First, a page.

The European Union says Turkey should speed up reforms if it wants talks on joining the 25-nation European Union to be a success. The development comes out of an EU foreign ministers meeting in Luxembourg.
Formal negotiations on Turkey's eventual admission to the European Union start in October and could go on for many years. To join, Turkey must comply with EU political, human rights and economic standards.
Luxembourg foreign minister, Jean Asselborn, whose country holds the EU presidency, says faster reforms mean faster results. He is heard through an interpreter.
"The speed with which accession negotiations proceed will depend on the pace of the reform process in Turkey," he said through an interpreter. "Determined, effective and overall implementation of the reforms will be decisive for the success of the whole accession process."
Foreign Minister Asselborn says areas of concern include freedom of religion, protection of minorities, exercise of cultural rights, social rights, discrimination and relations between civil society and the army. The dominant role of the Turkish military in the country's politics has been a concern for the European Union.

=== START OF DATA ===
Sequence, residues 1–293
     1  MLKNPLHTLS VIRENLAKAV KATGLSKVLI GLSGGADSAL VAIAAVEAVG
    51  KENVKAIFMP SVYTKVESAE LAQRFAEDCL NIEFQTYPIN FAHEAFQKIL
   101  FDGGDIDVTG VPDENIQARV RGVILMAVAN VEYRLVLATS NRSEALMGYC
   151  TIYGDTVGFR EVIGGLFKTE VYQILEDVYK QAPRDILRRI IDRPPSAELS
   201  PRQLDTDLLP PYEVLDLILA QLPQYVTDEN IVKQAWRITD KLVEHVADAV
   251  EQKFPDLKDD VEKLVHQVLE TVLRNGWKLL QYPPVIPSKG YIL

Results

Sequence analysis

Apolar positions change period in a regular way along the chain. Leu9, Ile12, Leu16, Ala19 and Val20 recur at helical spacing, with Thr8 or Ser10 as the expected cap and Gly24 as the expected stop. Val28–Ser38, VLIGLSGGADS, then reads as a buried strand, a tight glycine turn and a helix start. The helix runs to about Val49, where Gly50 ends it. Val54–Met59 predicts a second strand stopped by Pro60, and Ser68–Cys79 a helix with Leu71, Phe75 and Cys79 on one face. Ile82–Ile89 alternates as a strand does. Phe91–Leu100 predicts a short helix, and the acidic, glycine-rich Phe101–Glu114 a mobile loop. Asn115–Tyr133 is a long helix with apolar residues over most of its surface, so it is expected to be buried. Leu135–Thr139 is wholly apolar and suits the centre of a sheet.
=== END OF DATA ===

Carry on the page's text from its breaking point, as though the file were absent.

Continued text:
EU Commissioner for Enlargement Olli Rehn acknowledged that Turkey has done a lot of work to meet European standards, but also says more must be done.
"While there has been progress in reforms, significant reforms recently in Turkey in the last couple of years, it is at the same time essential to keep up the momentum of reforms and implement them so that they become a reality in all walks of life," he said.
Turkish foreign minister Abdullah Gul, said there can always be differences or problems between the sides, but Turkey remains determined to complete the reforms.
"There is much to do on our part," he said through an interpreter. "There is legislation that needs to be adopted still. And I informed my colleagues on these issues and I renewed our determination in the implementation of the reforms. We are aware how important the implementation is."
Turkey also initialed a protocol extending an EU customs pact to Cyprus and the nine other new EU states that joined last May. The measure, which normalizes trade relations with the Greek Cypriot government, must still be signed by Ankara.
Cyprus was divided in 1974 when Turkey invaded after a Greek-Cypriot coup. Turkey does not recognize the Greek-Cypriot government, but the lesser step of trade normalization is a requirement for EU membership talks to start in October.
EU officials say mostly Islamic Turkey can become a bridge between Europe and the Islamic world as it completes reforms and eventually enters the 25-nation group.